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The importance of aligned ESG reporting standards

Earlier this week I met with the China country manager of a European manufacturer with significant operations in China. They produce both for European and Chinese customers. We were discussing ESG related issues when he told me something very interesting: The company was for sure working on ESG reporting, particularly carbon emission management and reporting. Both the headquarter in Europe and the European customers had started requesting detailed information both about the baseline and for plans on how to reduce emissions going forward. What was interesting was that a major Chinese customer had also requested carbon emission calculations, but based on a totally different framework than that used by the international stakeholders (that is Scope 1, 2 and 3 emissions, and how to relate to these).

The first observation is of course that the new European regulations for listed companies and financial institutions on carbon emission reporting is already becoming visible in China through the supply chain demands. The second observation is that Chinese companies are following this trend, but that alignment is needed.

The proposed new guidelines for ESG reporting by Chinese companies is indeed very much aligned with international standards, using the scope 1,2,3 framework etc, but what knowledge about this is likely still limited in China.

If reporting standards are not aligned, it will require a lot of extra and unnecessary work for the companies required to report. Not only is this a waste of time, it is also likely to reduce the resources available for the most important task, namely finding and implementing ways to reduce emissions.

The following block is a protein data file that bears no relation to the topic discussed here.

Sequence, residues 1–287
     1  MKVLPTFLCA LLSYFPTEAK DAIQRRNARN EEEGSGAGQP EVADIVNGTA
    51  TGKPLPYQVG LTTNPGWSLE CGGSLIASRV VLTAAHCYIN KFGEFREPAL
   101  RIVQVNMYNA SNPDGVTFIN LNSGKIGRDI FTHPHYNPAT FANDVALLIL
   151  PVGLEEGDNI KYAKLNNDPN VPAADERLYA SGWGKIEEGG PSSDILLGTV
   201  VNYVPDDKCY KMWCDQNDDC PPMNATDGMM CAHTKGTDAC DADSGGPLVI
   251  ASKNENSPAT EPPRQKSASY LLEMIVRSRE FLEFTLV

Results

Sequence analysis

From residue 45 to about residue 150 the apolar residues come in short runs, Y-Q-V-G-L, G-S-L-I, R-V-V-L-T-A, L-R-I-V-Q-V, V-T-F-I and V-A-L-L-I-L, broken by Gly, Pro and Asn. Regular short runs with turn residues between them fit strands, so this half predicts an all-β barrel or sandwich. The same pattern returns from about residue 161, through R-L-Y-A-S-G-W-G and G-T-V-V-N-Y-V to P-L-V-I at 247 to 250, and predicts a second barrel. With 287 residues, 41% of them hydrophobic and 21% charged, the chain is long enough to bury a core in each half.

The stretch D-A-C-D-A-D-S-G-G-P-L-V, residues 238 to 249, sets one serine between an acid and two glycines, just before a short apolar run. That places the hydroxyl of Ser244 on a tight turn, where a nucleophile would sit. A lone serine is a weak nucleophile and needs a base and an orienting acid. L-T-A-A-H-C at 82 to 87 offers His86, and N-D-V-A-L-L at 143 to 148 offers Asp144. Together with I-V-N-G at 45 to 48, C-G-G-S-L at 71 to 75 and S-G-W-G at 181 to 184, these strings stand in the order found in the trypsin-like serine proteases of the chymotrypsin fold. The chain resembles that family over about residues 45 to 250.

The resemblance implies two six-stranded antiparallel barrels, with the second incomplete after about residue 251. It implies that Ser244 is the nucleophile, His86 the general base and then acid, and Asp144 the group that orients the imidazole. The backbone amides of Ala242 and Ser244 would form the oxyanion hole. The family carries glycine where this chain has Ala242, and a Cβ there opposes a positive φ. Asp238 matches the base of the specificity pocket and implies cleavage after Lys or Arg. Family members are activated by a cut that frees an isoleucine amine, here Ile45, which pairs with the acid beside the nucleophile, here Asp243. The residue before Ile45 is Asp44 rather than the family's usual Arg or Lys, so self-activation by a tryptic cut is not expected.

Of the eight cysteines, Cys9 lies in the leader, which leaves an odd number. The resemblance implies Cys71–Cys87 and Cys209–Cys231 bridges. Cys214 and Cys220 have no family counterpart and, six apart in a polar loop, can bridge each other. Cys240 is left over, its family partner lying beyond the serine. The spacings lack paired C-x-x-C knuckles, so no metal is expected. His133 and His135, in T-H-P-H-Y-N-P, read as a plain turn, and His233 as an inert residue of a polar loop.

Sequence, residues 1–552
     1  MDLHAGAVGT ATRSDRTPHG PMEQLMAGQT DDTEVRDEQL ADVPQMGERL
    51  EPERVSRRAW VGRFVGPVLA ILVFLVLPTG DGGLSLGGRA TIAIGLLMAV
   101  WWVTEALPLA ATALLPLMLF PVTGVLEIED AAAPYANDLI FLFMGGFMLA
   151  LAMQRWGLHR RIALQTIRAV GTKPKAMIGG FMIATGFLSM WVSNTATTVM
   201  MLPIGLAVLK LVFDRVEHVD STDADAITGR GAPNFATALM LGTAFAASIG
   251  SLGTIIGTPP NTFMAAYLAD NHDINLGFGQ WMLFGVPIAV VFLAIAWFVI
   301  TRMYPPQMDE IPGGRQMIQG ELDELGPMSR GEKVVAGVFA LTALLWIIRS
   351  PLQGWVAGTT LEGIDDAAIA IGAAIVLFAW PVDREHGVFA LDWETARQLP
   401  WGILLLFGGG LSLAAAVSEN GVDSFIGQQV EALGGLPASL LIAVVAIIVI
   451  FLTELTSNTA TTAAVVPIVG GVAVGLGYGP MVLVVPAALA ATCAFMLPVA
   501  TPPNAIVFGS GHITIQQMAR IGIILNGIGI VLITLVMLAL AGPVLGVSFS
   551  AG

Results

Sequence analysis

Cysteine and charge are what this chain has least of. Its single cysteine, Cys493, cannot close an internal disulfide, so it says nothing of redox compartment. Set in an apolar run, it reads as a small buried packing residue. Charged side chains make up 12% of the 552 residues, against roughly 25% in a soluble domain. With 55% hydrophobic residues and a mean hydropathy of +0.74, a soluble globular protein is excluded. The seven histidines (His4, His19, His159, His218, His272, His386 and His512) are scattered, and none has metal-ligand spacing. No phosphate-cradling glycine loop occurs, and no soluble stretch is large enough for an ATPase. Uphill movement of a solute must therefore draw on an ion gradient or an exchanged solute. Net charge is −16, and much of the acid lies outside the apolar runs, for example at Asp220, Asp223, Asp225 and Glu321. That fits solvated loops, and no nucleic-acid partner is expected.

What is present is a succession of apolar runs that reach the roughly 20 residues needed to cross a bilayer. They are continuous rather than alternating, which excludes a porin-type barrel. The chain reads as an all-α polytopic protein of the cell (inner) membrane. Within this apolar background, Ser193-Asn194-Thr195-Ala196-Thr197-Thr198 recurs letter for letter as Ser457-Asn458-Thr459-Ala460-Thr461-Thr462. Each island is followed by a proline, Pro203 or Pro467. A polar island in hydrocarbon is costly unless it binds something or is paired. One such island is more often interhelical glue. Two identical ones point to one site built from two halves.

I know the challenges of different reporting standards very well from when I worked with the Norwegian Development Finance Institution (DFI) Norfund. We were active equity investors in highly demanding projects in some of the poorest countries in the world. Our co-investors where other similar funds, but with different (politically defined) priorities and hence reporting requirements for impact measure ("impact" roughly = ESG). It would be impossible for many of the projects to report according to many different standard, and the European DFIs set up a harmonisation project to ensure a more efficient and aligned approach.

The current situation in China seems to be that the importance of harmonisation is understood at the top level, by the regulators and others working on defining national standards, but that some market players are not aware and driven by a wish to be proactive, they develop their own approaches.

Hopefully, with increased education about the topic and knowledge about the existing standards, we will see increased alignment on reporting standards also in China, so that everyone in the value chain can focus on what really matters: Implementing change for reduced emissions.

Painting by Han Bo, Round is not Round

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